Classic CookBooks: Which are your favorites?Classic CookBooks:Which are your favorites? Kathy #questionnaire #classics #cookbooks
The Joy of Cooking is one I’m fond of.
Frugal Gourmet Cooks American, several vintage Williamsburg Cookbooks, any vintage Junior Women’s League cookbooks.
Fanny Farmer CookBook .
First to use defined measures in cooking.
Miriam Ungerer’s GOOD CHEAP FOOD is useful and fun.
The I Never Cooked Before Cookbook. A pocketbook which is falling apart. Have been using it for 25 years and is still my go to.
I have that one too! It is very handy. That squash casserole is always a BIG hit at holiday parties!!
I love squash!
Delia Smith’s Complete Cookery Course. I have a shelf full of cookbooks in the study and this one in the kitchen.
Mrs. Beeton’s Book of Household Management. Not to actually cook from but I love seeing the Victorian recipes.
Funny, Miriam Ungerer refers to that one in GOOD CHEAP FOOD. I want to say it was some kind of “benevolent soup for the poor” that she referred to, if that sounds right?
I’ll have to check when I get home
Ah here it is. Thank you for reminding me!
“Mrs. Beeton, in her BOOK OF HOUSEHOLD MANAGEMENT, gives a “Useful Soup for Benevolent Purposes” she apparently inflicted on the poorer inhabitants of her village in the winter of 1858. It cost the benefactress 1.5 pence per quart.”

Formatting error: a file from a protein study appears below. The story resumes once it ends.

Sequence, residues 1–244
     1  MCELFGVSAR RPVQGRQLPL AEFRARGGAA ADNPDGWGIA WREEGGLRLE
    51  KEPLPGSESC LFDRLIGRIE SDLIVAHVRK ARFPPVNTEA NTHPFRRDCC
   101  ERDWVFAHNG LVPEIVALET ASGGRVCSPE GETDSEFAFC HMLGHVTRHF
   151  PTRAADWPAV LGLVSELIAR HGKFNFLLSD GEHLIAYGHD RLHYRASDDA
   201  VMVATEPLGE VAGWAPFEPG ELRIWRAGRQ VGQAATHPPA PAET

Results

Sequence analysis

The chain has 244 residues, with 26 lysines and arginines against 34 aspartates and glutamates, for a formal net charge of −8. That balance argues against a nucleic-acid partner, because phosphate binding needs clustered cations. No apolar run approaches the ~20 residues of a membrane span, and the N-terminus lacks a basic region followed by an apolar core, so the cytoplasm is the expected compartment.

Silver Palate Cookbook.
How to Cook Everything.
The Minimalist Cooks at Home.
I’m reading the Scarlet Letter right now, which made me think of Indian Pooding, which is very popular.and tasty in.New England.
Caramel Knowledge by Al Sicherman
My children argue over who will inherit moms copy of the Joy of Cooking because it falls open to the chocolate chip cookie recipe page
Wuthering Heights, Scarlet Letter, Madame Bovary
Another famous cookbook is The Fannie Farmer CookBook.
This made me wonder when the first cookbooks were written. The ‘Forme of Cury’ (Forms of Cooking in modern English) was A Roll Of Ancient English Cookery, Compiled, about A.D. 1390, by the Master-Cooks of King Richard II. It is the oldest known cookbook written in the English language and the recipes include spices such as olive oil and cloves, exotic spices (at the time) nutmeg, cardamon, ginger and caraway. Some meat dishes include cranes, herons and whales. Anyone fancy ‘Chykens in Cawdel’ or Gees in hoggepot’ ?
I am sure King Richard enjoyed a big roast beef joint! but they also used some other interesting things! I think Henry VIII even munched his way through some roasted Swan, ripping off its wing (On the BBC Tudor show anyway ?) The King and all the nobles went hunting often, so I am guessing wild deer/boar would have been on the menu too.